The coolant temperature switch 43 and fuel level switch 44 (FIG. 1A) are connected through resistors 151 and 152 to the inputs of NOR gate 153 (FIG. 1C). Similarly, the coolant flow switch 41, engine oil pressure switch 42 (FIG. 1A) and hydraulic oil level switch 48 (FIG. 1B) are connected to the inputs of NOR gate 154 (FIG. 1C). Each of the NOR gates 153 and 154 comprises a gate means having a plurality of inputs and an operative output when an operative signal is applied to any of the inputs. In the present embodiment, each of the gates, an operative high signal at any input will result in an operative low output. Normally all of these inputs are low, and both gates 153 and 154 will have a high output.
If either (or both) of switches 43 or 44 should open, the output of gate 153 will go low and around the lower end of resistor 156 through diode 157, regardless of the output state of gate 154. Similarly, if any of switches 41, 42 or 48 should open, the output of gate 154 will go low and ground the lower end of resistor 156 through diode 158.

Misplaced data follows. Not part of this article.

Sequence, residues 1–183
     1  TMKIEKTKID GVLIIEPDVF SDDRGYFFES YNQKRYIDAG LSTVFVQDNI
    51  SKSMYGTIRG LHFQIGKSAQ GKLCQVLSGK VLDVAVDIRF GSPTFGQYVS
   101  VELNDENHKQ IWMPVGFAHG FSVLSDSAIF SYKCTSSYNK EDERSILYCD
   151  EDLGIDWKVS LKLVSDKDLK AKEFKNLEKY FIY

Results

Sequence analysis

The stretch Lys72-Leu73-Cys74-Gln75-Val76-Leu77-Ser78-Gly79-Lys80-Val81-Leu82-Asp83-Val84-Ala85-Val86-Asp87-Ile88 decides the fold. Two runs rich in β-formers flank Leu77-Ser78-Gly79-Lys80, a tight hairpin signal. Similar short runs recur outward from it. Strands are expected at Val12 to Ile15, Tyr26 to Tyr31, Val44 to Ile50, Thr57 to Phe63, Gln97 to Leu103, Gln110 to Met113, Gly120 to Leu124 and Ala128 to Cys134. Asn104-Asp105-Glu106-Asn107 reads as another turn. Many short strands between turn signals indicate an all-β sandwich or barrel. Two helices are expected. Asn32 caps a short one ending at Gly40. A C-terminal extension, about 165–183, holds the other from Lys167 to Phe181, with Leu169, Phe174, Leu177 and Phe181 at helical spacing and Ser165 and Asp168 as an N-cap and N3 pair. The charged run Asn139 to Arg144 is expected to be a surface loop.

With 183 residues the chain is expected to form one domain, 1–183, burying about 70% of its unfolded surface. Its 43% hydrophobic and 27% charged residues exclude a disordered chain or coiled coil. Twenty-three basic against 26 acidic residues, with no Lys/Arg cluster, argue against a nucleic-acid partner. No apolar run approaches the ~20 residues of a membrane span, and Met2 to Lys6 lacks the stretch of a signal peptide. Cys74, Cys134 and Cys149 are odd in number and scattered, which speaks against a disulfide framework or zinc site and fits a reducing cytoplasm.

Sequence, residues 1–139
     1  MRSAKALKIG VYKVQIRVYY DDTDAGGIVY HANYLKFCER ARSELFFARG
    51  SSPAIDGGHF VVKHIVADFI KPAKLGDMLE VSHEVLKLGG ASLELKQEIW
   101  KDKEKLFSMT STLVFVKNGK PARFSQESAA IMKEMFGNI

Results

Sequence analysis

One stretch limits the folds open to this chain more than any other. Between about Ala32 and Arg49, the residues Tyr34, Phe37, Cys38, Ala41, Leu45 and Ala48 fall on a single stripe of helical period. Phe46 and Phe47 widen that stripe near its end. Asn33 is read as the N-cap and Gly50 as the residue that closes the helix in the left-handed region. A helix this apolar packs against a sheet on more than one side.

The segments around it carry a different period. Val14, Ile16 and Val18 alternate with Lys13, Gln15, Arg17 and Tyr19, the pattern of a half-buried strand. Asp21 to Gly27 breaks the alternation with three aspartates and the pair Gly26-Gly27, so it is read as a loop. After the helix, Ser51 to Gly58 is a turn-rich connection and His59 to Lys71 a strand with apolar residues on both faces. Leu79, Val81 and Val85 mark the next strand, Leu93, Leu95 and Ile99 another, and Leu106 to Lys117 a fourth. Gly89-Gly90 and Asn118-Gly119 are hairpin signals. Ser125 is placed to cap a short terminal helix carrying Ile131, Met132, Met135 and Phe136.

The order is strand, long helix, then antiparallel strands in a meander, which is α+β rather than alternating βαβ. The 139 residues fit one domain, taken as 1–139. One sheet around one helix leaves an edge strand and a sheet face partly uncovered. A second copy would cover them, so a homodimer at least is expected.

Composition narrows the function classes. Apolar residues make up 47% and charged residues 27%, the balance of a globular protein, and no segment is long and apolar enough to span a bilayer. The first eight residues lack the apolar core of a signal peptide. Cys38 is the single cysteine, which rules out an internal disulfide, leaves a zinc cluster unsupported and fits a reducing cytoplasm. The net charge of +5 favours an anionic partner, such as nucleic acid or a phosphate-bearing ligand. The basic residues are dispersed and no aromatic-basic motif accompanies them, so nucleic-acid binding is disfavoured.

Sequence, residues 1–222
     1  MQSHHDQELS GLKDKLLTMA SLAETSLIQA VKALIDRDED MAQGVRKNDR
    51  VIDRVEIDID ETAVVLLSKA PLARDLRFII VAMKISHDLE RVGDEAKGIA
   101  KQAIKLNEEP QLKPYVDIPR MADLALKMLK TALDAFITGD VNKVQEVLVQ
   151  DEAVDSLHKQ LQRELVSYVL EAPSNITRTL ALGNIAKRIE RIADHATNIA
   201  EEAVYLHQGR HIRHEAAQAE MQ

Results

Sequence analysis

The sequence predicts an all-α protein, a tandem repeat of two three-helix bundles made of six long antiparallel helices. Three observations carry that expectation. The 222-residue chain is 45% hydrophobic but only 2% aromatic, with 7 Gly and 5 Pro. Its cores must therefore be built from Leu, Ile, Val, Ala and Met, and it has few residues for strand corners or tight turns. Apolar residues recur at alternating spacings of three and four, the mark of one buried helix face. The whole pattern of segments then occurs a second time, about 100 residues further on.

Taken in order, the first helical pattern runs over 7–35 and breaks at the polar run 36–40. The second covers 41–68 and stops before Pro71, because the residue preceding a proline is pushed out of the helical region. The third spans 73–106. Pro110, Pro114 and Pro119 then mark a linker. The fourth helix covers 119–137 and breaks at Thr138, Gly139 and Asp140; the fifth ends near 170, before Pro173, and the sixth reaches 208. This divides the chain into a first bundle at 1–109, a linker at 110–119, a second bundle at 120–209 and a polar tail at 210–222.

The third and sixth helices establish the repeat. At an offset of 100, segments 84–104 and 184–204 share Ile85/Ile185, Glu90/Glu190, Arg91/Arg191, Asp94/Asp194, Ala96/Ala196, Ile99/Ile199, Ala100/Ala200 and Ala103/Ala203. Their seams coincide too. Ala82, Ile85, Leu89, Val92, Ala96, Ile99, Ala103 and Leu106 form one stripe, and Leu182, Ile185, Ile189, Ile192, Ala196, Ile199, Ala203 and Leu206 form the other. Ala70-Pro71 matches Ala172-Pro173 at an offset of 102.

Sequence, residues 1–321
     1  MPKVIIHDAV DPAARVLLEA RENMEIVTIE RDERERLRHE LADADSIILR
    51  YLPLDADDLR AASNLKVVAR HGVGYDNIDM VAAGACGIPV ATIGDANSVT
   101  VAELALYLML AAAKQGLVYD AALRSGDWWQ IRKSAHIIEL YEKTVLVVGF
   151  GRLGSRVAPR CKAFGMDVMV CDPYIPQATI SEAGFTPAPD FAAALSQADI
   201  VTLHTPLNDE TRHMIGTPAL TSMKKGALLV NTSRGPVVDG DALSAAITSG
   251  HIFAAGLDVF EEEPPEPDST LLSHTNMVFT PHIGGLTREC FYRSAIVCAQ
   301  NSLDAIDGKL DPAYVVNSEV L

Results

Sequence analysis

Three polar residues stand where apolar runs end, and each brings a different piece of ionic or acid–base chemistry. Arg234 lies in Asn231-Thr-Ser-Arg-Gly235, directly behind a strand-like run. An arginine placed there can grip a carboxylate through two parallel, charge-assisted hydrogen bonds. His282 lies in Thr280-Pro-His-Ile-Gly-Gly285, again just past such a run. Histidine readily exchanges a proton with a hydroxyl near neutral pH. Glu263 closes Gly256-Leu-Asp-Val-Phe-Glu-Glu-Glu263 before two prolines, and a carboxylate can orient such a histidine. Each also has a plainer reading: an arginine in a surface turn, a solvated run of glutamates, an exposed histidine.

The lower end of resistor 156 is connected to the input of inverter 159 whose output is coupled by zener diode 161 and diode 162 to pin 6 of timer 163 which is connected for astable oscillation at a frequency determined by the values of resistors 164 and 165 and capacitor 166 in its external circuit. If desired, a commercially available Signetics SE 555 Monolithic integrated timer circuit, having pin terminals as numbered herein, may be used for timer 163.
With no fault condition existing, and with a low output from inverter 159, diode 162 will prevent capacitor 166 from charging to the threshold level of the timer and will thus keep it from oscillating. The timer output, at pin 3, will be high. If a fault condition exists which causes the output of either gate 153 or gate 154 to go low, the output of inverter 159 will go high, allowing capacitor 166 to charge sufficiently to start the timer into operation. The values of resistors 164 and 165 are preferably chosen so that when timer 163 does oscillate, its output will be high, and inoperative, for two seconds and then low, and operative, for one second during a cycle of oscillation.
The output of timer 163 is coupled by resistor 167 to a transistor 168. With a normally high output from the timer, transistor 168 will be in conduction and transistor 169 will be held off. When a fault exists which causes timer 163 to operate, transistor 168 will be turned off during the one-second low operative output from timer 163 and transistor 169 will be turned on, to complete the power circuit to the relatively high-intensity master light 170.